Whole-Quinn-thesis.pdf (1.7 MB)
A common factor for childhood syndromes and disorders : empirical evaluation and associated risk factors
thesisposted on 2023-05-27, 07:07 authored by Quinn, MG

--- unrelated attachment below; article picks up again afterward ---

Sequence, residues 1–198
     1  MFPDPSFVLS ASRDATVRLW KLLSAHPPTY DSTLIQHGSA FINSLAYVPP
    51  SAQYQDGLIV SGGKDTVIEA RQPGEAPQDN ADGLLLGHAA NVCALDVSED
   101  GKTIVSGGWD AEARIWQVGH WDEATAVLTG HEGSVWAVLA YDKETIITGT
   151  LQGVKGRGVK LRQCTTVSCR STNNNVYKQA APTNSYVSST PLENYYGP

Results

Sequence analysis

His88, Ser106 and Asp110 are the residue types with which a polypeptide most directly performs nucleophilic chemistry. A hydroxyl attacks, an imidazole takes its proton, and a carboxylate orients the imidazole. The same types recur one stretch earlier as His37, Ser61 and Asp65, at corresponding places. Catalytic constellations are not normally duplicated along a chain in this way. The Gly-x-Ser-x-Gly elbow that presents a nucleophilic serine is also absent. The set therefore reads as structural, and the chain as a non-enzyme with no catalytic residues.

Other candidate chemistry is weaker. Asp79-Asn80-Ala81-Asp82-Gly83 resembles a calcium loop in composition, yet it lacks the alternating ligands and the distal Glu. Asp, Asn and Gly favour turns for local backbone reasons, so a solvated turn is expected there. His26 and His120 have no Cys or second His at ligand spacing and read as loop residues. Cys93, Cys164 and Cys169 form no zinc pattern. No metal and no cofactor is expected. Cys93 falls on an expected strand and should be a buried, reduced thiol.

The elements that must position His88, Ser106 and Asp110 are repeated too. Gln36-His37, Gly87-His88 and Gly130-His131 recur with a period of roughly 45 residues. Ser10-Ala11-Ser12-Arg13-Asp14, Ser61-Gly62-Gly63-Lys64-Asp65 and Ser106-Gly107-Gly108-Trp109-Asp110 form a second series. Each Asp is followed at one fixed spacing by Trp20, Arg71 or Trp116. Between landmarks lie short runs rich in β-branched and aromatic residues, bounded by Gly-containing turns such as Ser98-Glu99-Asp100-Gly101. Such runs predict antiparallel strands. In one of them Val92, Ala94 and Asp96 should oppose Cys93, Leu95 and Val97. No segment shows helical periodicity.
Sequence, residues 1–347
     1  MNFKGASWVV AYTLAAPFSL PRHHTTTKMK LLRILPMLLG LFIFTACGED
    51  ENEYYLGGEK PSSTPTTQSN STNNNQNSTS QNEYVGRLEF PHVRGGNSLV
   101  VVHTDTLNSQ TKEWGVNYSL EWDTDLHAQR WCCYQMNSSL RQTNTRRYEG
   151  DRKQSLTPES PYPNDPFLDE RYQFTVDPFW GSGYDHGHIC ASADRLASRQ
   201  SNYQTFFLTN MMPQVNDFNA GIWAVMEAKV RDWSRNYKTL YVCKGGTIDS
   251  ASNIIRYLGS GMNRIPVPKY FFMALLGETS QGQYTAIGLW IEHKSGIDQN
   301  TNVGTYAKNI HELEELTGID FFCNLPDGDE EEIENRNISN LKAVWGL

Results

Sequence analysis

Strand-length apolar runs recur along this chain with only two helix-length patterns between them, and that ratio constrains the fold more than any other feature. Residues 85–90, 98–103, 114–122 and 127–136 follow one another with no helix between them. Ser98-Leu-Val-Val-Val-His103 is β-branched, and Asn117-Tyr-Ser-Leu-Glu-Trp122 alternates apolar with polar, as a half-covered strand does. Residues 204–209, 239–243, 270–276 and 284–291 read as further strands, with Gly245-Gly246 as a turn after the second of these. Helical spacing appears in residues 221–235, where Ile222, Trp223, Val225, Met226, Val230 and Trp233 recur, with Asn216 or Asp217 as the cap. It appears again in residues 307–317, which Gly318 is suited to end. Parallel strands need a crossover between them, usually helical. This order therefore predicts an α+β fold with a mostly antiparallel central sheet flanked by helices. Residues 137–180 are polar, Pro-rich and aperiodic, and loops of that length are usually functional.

There is strong evidence of excessive levels multivariate comorbidity for the major childhood internalizing and externalizing syndromes and / or disorders. The overall aim of this thesis is to propose a general factor to capture the common variance for the major internalising and externalising childhood syndromes and disorders. In this context, the thesis reports three empirical studies to evaluate the plausibility of a common factor, and potential risk factors that may be associated with it. Study 1, examined if childhood psychopathology could be characterised by a bifactor model, which would provide support for a common factor. The bifactor structure was tested on data from a clinical sample of 974 parents and their children referred to the Royal Children's Hospital, Melbourne. Data was gained from the Syndrome and DSM-Oriented scales of the Child Behavior Checklist (CBCL), and the Anxiety Disorders Interview Schedule for Children-Parent Version. The model was also tested on the data from the Achenbach System of Empirically Based Assessment (ASEBA) Reference Group; an epidemiological sample used to validate the CBCL. The bifactor model showed excellent fit and substantive support for the hypothesised common factor. Study 2 extended Study 1 and investigated whether the major childhood syndromes/disorders conform to a circumplex structure, which would provide support for the presence of a common factor underlying these syndromes/disorders. The circumplex was tested using the same data and same measures as Study 1, and results demonstrated that child psychopathology conforms to a circumplex structure, with more than fifty percent of all variance accounted for by the common factor. This provided strong support for the presence of the hypothesised common factor. Study 3 aimed to investigate the nature of this hypothesised common factor, and investigate which constructs are associated with it. The association of three constructs ‚Äö- negative affective temperament, parental psychopathology and familial functioning ‚Äö- on the general factor specified by the bifactor model was investigated. The results demonstrated that negative affect and parental psychopathology, both individually and in interaction, appear to be key risk factors associated with the common factor. Overall, results suggest that, in contrast to current conceptualisations of childhood psychopathology as discrete and distinguishable entities, there is a common liability to all psychopathology in childhood. Such a common liability helps explain the high level comorbidity of childhood disorders and syndromes, because the liability suggests that all manifestations of psychological illness may, at least in part, have some common geneses. The results here suggest that negative affect and parental psychopathology are key risk factors in understanding this common liability factor.
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